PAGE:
Even when it comes to shopping for goods locally, Southeast Asians are unanimous in their preference to do so through an online medium.

4. Online shopping reigns supreme

In terms of the top five e-commerce/online shopping platforms by user favourability in Southeast Asia, Shopee (93 percent) and Lazada (93 percent) are tied at the top spot, with Amazon (91 percent) hot on their heels, followed by Shein (85 percent) and AliExpress (73 percent).

When asked why they like to shop online, Southeast Asians reported that while Discounts/Sales (33 percent) and Reward Programs (17 percent) were up there among the key reasons for shopping online, they were also drawn to other benefits such as Convenience (43 percent), Variety of Choice (25 percent), Getting the latest trends fast (19 percent), Getting the things not available locally (17 percent), and Price (11 percent).

However, it’s not all a bed of roses for online shopping and e-commerce players. Southeast Asians do acknowledge that they have some major bugbears with shopping online.

Their top three challenges with online shopping are (1) Wrong size or wrong order delivered (50 percent); (2) Goods not turning up (29 percent); and (3) Unreliable quality of goods (27 percent).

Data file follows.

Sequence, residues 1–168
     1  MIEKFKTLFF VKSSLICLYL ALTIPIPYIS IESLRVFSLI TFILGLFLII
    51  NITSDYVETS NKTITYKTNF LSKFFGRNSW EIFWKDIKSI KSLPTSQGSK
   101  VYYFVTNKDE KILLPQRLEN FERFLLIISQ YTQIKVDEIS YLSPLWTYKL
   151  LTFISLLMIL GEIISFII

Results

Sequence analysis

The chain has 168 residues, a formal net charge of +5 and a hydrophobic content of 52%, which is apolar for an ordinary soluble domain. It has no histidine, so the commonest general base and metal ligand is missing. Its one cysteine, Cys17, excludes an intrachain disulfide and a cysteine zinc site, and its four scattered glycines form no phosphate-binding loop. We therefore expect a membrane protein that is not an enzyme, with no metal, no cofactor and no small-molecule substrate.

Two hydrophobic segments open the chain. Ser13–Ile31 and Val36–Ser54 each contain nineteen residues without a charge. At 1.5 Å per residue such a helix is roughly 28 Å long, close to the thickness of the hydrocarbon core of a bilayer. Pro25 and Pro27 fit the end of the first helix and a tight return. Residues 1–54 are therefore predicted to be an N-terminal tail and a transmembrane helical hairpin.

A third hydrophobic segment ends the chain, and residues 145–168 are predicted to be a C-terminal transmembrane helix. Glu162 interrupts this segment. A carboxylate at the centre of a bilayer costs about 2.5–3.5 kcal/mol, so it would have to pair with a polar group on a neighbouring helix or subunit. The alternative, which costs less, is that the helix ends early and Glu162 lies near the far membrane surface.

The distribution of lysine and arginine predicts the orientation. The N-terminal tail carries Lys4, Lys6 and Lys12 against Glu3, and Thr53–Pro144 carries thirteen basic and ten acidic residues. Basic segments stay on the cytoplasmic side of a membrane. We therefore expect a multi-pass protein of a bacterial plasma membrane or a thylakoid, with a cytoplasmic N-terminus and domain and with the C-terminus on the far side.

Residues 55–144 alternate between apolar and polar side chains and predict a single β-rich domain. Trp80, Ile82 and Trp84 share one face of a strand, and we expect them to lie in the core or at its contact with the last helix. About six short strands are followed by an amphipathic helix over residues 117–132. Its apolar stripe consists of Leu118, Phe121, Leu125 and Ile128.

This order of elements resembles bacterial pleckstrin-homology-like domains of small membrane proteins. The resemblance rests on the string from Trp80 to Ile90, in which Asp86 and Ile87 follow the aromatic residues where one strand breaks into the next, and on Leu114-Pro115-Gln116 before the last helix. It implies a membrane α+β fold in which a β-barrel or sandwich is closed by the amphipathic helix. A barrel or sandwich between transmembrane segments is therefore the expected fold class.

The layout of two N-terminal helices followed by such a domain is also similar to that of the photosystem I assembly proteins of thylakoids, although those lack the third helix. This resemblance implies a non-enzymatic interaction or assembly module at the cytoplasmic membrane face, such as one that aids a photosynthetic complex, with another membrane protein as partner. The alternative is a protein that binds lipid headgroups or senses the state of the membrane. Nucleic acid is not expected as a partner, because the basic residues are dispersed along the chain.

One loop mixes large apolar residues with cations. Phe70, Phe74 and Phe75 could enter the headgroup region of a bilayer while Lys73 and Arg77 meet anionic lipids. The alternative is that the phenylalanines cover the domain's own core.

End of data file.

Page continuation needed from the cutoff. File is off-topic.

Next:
5. Seven in ten consumers in SEA tune in eagerly to online sale seasons

Despite riding a tailwind during COVID-19, which has seen massive upheavals in consumer behaviors and spending habits, online shopping too has not been spared by inflation and digital spend in Southeast Asia has been affected in 2022.

While Southeast Asians are still shopping online, 70 percent are more likely to wait and purchase items during peak online sale seasons like Amazon Prime Day (19 percent), Singles Day Sale (18 percent) and Black Friday Sale (18 percent).

This deal-hunting behavior is much more pronounced in markets like Singapore (85 percent), Malaysia (81 percent), and Indonesia (71 percent).
Perhaps, this is the reason the overall proportion of online/digital purchase decreased by 9 percent this year compared to 2021.

The exception to this trend are Singaporeans who reported that their overall proportion of online/digital purchase in 2022 has increased by 16 percent compared to 2021.

“Hard selling tactics and fear-based marketing messages at this time would add to the stress that the households across Southeast Asia are already facing,

“Hence, our advice to retailers, e-commerce platforms and marketers would be to demonstrate genuine empathy to consumers and try to be part of the solution. By doing so, you would most likely win more customers,” Kaushal concluded.